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The role of politics in investment climate: Some thoughts from the Bolivian experience

Written by Massimiliano Cali


It was quite surprising to read in yesterday's Financial Times that the Bolivian government is set to approve a US$ 2.3bn bid by two Indian companies (Jindal Steel and Power of India) to extract of one of the world's largest untapped iron ore deposits. The numbers are even more impressive considering this would be the first Indian investment in Bolivia and the largest Indian investment in the whole Latin America.

This news comes shortly after the Bolivian government's decision to nationalise the natural gas sector (the most important commodity in the country), which broke the contracts signed with multinational oil companies a few years before by a different government (see ODI Blog: At what price gas? Bolivian energy policy and nationalism). Quite interestingly, the country has also recently attracted expressions of interest from Russia (Gazprom announced last month an interest in investing up to US$ 2bn in Bolivia's gas sector) and Australia (Republic Gold could shortly start producing in a large gold mine in the southern part of the country). This news may provide some interesting food for thought on Bolivia and on the relationship between politics and markets in developing countries.

To the extent that a firms' expected profitability (on the basis of which investment decisions are made) is negatively affected by political risk, one would be tempted to interpret these investment decisions as a sign that markets do not seem to consider the Bolivian political situation particularly unstable or insecure for investment. Or at least, the boom in commodity prices provides a greater incentive than the disincentive given by Bolivian political risk.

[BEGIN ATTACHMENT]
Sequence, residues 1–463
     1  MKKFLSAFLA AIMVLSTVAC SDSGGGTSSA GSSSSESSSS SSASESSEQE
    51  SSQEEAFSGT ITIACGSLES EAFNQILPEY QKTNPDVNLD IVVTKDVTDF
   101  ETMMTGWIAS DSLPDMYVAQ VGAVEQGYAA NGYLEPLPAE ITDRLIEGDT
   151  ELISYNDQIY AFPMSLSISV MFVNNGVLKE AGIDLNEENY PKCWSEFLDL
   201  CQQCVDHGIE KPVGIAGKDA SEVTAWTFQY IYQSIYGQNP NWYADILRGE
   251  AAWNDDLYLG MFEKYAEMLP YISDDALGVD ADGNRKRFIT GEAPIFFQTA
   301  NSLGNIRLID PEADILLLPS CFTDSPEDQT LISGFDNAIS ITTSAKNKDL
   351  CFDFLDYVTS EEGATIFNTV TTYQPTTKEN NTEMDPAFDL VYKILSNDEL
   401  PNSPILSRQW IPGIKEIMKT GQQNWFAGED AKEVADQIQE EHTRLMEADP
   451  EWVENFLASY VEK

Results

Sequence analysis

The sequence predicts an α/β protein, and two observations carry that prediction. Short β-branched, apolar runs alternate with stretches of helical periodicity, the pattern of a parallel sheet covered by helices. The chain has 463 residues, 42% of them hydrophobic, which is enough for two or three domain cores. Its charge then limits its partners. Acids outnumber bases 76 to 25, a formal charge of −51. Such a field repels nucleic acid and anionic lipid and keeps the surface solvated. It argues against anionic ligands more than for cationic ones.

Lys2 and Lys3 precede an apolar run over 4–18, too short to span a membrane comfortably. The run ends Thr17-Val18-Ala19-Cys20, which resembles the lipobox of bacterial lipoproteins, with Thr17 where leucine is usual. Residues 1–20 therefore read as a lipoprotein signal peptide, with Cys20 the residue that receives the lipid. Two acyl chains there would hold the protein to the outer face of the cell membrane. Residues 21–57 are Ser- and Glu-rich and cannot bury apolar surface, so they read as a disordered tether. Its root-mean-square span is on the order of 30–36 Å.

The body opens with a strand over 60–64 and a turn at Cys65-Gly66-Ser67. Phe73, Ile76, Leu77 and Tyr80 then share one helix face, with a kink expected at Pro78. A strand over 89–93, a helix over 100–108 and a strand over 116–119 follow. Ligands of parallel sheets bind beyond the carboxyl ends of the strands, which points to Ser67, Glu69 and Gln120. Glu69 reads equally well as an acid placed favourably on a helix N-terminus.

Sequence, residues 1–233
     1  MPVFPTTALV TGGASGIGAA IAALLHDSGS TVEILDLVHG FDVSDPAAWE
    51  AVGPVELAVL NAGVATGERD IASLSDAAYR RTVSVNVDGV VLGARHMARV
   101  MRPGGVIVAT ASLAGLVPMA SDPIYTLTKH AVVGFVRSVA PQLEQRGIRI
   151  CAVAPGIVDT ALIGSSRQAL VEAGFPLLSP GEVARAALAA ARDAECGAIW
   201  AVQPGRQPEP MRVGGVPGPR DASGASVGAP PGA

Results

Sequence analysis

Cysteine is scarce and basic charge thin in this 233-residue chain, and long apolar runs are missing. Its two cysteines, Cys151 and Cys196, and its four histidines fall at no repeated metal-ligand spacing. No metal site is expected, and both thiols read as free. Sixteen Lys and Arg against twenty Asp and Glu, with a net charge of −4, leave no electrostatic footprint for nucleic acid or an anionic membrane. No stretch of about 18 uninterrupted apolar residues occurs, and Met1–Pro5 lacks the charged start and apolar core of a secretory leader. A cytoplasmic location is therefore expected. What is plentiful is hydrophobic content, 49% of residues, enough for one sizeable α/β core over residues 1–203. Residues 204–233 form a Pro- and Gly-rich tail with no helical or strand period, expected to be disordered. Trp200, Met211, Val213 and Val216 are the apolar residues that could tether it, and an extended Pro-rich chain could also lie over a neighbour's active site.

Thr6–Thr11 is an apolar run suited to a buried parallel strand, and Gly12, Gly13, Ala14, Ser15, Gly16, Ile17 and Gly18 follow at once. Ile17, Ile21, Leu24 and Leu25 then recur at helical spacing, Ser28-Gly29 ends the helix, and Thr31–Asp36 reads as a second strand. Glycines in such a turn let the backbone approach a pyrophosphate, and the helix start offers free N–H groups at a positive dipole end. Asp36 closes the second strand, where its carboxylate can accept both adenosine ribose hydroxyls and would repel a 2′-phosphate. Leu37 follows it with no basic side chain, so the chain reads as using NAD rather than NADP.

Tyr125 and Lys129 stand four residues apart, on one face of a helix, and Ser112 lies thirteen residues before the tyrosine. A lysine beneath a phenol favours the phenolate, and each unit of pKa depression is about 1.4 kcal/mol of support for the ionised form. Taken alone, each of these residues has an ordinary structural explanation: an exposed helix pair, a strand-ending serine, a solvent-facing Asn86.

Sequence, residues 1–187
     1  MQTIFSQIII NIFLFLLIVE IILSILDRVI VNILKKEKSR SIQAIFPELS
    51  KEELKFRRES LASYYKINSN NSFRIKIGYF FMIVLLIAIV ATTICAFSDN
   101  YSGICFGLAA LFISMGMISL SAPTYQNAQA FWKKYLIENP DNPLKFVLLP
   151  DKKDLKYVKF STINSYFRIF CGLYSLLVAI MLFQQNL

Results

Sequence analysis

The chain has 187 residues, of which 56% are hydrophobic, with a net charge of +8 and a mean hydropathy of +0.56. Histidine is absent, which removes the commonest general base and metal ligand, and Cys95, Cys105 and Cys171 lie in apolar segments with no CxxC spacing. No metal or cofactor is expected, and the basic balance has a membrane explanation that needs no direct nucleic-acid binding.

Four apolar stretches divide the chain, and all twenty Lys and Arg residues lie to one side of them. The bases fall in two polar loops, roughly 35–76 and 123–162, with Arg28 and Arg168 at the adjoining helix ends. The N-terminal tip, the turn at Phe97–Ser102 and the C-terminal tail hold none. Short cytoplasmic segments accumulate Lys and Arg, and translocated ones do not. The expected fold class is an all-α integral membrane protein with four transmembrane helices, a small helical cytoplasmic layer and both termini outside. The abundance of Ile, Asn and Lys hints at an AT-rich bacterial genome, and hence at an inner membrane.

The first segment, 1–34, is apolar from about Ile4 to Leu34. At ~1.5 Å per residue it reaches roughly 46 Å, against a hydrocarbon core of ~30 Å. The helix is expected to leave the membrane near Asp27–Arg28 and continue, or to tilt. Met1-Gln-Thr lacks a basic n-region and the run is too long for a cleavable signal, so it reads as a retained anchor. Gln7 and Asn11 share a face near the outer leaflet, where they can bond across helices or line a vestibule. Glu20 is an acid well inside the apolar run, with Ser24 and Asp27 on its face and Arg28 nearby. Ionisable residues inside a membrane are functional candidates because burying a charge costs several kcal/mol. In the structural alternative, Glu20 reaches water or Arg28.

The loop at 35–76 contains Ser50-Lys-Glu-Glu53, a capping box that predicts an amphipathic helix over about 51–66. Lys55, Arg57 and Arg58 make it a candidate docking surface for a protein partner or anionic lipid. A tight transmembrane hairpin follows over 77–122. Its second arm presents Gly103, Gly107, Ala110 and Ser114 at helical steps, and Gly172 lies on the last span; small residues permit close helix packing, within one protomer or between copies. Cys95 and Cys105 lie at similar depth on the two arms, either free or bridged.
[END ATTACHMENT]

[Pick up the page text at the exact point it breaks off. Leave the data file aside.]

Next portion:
To be sure, the nationalisation of the gas reserves has already made a direct impact on Bolivia's attractiveness to foreign capital. The fact that the traditional economic partners of Bolivia (Brazil, US, Spain, France) are not involved in the new investments' plans may be a direct consequence of nationalisation hitting their companies hard. Moreover, by slowing down the operations due to the uncertainty in the contracts, nationalisation is likely to pose potentially serious constraints to the development of the Bolivian gas sector.

However, it is intriguing to notice that one of the most explicit actions against the creation of a good investment climate (as the breakage of public contracts is) seems to be producing effects hardly explicable by conventional wisdom. In order to reconcile the Bolivian facts with this wisdom, it is tempting to consider a third, somewhat paradoxical option: the renegotiation of the gas contracts in Bolivia has not hindered the investment climate of the country. This may be the case if investors considered the terms of the old gas contracts as very favourable to multinational companies; therefore, the re-negotiation of contracts would not undermine investors' profitability, and it would be appropriate on the ground of fairness. But economists don't tend to believe in paradoxes...